Murphy said, “It’s debatable as to whether there’s a legal justification for this strike. There is no debate that the War Powers Act requires the administration to now come before Congress and ask for authorization for any future military activity against Iran.”
Secretary of State Mike Pompeo told CNN Friday that Soleimani was planning an imminent attack in the region, but declined to elaborate.
“At the very least the administration deserves to tell us the truth about what happened and American security interests moving forward,” Murphy said. “They are not off to a good start today. They are not telling Americans about the consequences of what they did.”
Blumenthal, a member of the Armed Services Committee, said he can’t know the motivations, “but I can see the ramifications.”
He said all his concerns about this air strike would be the same even without an impeachment trial pending and he wants a public explanation to Congress and the American people regardless.
“Impeachment is also a matter of national security,” Blumenthal said. “The president has been impeached for holding hostage taxpayer-funded, military assistance to a friend and ally, literally fighting for its life against Russian aggression in return for assistance to him personally.”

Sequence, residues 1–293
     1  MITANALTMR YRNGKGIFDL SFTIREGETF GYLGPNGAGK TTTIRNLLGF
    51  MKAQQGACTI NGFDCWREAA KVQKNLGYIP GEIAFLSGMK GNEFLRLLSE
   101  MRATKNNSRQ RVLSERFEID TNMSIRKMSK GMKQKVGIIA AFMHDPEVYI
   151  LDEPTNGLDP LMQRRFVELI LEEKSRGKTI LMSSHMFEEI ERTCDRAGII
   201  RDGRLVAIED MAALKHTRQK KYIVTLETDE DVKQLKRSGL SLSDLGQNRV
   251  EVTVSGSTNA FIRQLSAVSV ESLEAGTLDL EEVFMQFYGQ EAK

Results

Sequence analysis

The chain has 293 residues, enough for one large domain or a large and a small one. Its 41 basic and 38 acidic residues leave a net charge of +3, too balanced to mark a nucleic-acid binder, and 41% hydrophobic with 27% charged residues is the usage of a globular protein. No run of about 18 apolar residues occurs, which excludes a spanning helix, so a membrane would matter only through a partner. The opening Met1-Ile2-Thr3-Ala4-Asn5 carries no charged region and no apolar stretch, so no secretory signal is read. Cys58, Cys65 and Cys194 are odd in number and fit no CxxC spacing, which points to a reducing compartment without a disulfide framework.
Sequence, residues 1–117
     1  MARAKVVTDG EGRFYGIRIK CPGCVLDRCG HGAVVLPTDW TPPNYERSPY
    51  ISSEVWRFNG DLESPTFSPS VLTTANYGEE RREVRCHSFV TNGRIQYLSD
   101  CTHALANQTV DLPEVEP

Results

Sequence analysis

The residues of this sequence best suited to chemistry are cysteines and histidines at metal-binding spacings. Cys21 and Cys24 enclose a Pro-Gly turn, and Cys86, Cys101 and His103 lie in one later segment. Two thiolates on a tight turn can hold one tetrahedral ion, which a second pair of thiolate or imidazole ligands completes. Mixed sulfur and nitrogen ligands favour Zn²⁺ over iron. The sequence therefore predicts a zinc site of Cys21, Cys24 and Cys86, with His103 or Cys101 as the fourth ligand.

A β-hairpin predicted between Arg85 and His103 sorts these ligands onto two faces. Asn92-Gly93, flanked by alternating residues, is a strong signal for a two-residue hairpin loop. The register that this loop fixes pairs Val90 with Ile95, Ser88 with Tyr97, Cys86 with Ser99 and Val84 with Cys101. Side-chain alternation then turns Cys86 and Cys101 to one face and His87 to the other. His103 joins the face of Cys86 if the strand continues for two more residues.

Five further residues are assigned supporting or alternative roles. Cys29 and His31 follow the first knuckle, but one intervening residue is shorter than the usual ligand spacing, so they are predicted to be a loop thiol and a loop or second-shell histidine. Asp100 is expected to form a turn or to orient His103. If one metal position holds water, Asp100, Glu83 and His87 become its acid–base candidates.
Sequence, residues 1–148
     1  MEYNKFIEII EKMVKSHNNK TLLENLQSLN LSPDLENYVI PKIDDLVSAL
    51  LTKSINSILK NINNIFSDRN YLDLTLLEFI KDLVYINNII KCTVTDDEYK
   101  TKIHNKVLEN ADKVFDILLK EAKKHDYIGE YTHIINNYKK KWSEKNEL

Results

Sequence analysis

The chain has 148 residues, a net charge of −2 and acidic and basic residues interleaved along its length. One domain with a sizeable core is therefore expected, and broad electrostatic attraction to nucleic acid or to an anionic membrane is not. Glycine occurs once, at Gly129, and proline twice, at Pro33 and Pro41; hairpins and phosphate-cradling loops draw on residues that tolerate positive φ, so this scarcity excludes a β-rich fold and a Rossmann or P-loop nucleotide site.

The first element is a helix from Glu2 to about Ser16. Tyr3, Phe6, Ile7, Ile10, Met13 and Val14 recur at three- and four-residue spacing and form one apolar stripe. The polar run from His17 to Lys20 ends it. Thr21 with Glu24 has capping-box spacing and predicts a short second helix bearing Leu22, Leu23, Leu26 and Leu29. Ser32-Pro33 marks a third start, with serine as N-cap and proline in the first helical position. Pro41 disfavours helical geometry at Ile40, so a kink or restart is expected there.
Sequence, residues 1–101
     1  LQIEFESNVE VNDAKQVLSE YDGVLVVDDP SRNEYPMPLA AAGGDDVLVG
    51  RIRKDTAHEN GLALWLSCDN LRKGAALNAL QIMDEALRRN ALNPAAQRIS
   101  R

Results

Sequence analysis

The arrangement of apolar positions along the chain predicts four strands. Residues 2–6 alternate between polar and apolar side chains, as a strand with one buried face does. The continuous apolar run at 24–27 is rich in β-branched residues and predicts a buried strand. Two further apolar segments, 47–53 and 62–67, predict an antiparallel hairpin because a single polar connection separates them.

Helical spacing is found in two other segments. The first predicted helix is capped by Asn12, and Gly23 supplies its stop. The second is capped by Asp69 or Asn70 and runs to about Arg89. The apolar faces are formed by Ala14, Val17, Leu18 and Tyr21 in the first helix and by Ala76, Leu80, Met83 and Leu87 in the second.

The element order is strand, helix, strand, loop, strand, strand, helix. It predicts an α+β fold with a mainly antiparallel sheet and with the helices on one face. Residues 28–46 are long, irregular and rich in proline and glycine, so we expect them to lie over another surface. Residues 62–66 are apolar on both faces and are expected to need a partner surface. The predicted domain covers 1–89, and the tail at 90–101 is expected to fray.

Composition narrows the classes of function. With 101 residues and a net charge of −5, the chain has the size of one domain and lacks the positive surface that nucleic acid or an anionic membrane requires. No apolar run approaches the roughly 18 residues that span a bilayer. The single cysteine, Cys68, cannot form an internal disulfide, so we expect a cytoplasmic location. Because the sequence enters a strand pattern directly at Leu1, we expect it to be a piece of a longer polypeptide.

Blumenthal said some of his Republican colleagues have expressed “misgivings” about how their party plans to proceed with the Senate impeachment trial.
Sen. Susan Collins of Maine and Sen. Lisa Murkowski of Alaska “show that the McConnell wall is seeming to crack,” Blumenthal said. “But whether our colleagues who have expressed those same misgivings privately will put them publicly and whether any of them will act on them remains to be seen.”
Democrats have to convince four Republican Senators to join them in a vote for what they believe may be more equitable rules for an impeachment trial that would include documents and witnesses.
Murphy agreed that impeachment is a national security issue.
That’s because the president, according to Murphy, has “telegraphed to allies and would-be allies that you do business with the United States, you will be subject to the president’s personal political priorities.”
Meanwhile, Republicans celebrated Trump’s decisive action in Iran.
Senate Foreign Relations Committee Chairman James E. Risch of Idaho tweeted, “Congratulations to President Trump on his decisive action and the successful outcome … As I have previously warned the Iranian government, they should not mistake our reasonable restraint in response to their previous attacks as weakness.”
Rep. Michael McCaul of Texas, the top Republican on the House Foreign Affairs Committee, said, “The President acted decisively to protect our country, diplomats, service members and citizens.”
“For months, President Trump exercised restraint in the face of repeated hostility. Iran’s aggression continued to escalate,” McCaul said. “I encourage Iran to finally stand down and discontinue their attacks on Americans.”